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Let’s start by installing Gradio! Since it is a Python package, simply run:

\$ pip install gradio

You can run Gradio anywhere, be it from your favourite Python IDE, to Jupyter notebooks or even in Google Colab 🤯! So install Gradio wherever you run Python!

Let’s get started with a simple “Hello World” example to get familiar with the Gradio syntax:

import gradio as gr

def greet(name):
return "Hello " + name

demo = gr.Interface(fn=greet, inputs="text", outputs="text")

demo.launch()

Let’s walk through the code above:

• First, we define a function called greet(). In this case, it is a simple function that adds “Hello” before your name, but it can be any Python function in general. For example, in machine learning applications, this function would call a model to make a prediction on an input and return the output.
• Then, we create a Gradio Interface with three arguments, fn, inputs, and outputs. These arguments define the prediction function, as well as the type of input and output components we would like. In our case, both components are simple text boxes.
• We then call the launch() method on the Interface that we created.

If you run this code, the interface below will appear automatically within a Jupyter/Colab notebook, or pop in a browser on http://localhost:7860 if running from a script.

Try using this GUI right now with your own name or some other input!

You’ll notice that in this GUI, Gradio automatically inferred the name of the input parameter (name) and applied it as a label on top of the textbox. What if you’d like to change that? Or if you’d like to customize the textbox in some other way? In that case, you can instantiate a class object representing the input component.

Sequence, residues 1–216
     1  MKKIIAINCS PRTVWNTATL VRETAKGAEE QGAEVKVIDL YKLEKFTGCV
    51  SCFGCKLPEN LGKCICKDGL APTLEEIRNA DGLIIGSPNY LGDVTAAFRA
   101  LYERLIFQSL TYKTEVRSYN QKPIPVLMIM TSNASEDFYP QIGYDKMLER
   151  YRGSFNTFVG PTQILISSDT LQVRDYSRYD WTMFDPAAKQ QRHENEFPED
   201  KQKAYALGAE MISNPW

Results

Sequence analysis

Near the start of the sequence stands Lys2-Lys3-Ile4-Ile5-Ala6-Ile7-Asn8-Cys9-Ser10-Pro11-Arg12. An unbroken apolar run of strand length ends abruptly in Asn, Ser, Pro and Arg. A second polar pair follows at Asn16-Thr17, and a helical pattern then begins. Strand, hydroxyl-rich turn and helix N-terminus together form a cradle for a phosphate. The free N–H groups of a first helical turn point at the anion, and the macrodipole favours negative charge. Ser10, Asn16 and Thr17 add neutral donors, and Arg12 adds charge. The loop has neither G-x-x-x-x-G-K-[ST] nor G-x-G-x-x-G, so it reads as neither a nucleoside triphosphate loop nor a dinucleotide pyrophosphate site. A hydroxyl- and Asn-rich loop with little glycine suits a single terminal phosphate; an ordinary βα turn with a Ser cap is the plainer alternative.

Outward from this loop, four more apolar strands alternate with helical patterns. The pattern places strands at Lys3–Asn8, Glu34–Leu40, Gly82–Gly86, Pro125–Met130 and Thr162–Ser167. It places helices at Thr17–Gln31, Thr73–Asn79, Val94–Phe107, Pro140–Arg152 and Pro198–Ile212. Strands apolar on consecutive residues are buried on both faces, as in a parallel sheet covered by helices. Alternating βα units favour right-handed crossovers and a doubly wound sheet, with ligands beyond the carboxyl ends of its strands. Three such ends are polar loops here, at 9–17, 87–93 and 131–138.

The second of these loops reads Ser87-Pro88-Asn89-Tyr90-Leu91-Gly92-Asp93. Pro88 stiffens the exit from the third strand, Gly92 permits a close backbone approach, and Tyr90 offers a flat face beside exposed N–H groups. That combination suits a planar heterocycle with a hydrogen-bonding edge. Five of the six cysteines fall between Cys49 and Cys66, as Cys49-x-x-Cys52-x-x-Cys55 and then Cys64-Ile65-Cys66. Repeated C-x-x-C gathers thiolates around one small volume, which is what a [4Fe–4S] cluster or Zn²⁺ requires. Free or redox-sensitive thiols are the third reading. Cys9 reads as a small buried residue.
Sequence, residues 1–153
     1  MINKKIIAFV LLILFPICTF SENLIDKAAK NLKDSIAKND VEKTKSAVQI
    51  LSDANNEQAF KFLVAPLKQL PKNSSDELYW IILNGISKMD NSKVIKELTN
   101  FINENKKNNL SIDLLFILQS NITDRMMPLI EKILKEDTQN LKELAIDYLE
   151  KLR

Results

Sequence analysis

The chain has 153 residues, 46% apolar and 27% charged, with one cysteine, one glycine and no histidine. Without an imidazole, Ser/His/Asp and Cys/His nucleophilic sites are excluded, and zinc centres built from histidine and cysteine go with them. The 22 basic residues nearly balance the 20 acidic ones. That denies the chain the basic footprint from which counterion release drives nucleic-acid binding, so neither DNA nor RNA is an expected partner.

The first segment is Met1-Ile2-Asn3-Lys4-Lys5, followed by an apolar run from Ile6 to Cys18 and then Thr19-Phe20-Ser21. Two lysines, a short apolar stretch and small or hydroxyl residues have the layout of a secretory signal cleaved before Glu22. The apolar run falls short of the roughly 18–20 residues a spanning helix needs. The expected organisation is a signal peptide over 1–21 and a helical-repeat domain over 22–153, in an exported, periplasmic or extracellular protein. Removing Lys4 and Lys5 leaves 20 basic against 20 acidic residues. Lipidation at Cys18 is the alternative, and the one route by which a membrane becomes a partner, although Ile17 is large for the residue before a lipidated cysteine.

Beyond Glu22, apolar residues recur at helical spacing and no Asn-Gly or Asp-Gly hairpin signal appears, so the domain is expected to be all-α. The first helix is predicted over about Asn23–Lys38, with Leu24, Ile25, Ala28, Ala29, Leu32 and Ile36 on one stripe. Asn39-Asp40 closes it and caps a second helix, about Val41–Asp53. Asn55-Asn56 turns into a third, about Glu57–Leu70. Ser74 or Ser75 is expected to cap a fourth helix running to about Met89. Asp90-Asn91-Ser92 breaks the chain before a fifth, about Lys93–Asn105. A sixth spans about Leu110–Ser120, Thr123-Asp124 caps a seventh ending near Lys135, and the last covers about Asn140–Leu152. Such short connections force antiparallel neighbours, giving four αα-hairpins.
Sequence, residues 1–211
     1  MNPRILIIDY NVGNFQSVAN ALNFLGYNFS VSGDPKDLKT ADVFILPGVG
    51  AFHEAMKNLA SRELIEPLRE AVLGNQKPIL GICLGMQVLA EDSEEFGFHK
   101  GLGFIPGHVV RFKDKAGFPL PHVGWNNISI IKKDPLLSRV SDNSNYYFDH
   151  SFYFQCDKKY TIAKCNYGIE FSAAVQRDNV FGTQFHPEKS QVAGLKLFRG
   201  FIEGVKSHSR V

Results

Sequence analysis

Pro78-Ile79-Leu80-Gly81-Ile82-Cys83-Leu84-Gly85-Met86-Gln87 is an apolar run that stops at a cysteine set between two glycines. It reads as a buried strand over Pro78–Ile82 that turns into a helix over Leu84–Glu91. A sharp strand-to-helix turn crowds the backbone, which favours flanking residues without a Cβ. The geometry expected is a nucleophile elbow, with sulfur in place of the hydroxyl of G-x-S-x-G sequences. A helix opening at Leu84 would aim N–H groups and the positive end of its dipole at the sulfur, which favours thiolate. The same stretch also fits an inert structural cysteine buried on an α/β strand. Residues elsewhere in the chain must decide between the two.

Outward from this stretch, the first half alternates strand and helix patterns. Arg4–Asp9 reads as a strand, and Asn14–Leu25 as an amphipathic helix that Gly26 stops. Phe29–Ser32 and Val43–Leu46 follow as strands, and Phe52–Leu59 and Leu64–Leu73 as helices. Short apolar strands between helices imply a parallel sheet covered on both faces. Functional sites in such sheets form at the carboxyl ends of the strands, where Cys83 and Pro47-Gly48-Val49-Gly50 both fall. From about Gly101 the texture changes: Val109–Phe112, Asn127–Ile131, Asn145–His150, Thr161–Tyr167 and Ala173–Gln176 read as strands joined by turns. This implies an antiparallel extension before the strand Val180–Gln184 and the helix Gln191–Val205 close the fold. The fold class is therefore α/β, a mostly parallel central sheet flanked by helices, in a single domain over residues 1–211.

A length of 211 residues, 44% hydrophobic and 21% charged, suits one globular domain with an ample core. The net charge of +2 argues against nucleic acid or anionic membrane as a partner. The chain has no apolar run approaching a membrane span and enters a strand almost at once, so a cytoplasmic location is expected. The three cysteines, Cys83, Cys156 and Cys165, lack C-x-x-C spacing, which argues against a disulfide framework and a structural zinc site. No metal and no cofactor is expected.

Take a look at the example below:

import gradio as gr

def greet(name):
return "Hello " + name

# We instantiate the Textbox class
textbox = gr.Textbox(label="Type your name here:", placeholder="John Doe", lines=2)

gr.Interface(fn=greet, inputs=textbox, outputs="text").launch()

Here, we’ve created an input textbox with a label, a placeholder, and a set number of lines. You could do the same for the output textbox, but we’ll leave that for now.

We’ve seen that with just a few lines of code, Gradio lets you create a simple interface around any function with any kind of inputs or outputs. In this section, we’ve started with a simple textbox, but in the next sections, we’ll cover other kinds of inputs and outputs. Let’s now take a look at including some NLP in a Gradio application.

## 🤖 Including model predictions

Let’s now build a simple interface that allows you to demo a text-generation model like GPT-2.

We’ll load our model using the pipeline() function from 🤗 Transformers. If you need a quick refresher, you can go back to that section in Chapter 1.

First, we define a prediction function that takes in a text prompt and returns the text completion:

from transformers import pipeline

model = pipeline("text-generation")

def predict(prompt):
completion = model(prompt)[0]["generated_text"]
return completion

This function completes prompts that you provide, and you can run it with your own input prompts to see how it works. Here is an example (you might get a different completion):

predict("My favorite programming language is")
>> My favorite programming language is Haskell. I really enjoyed the Haskell language, but it doesn't have all the features that can be applied to any other language. For example, all it does is compile to a byte array.

Now that we have a function for generating predictions, we can create and launch an Interface in the same way we did earlier:

import gradio as gr

gr.Interface(fn=predict, inputs="text", outputs="text").launch()

That’s it! You can now use this interface to generate text using the GPT-2 model as shown below 🤯.

Keep reading to see how to build other kinds of demos with Gradio!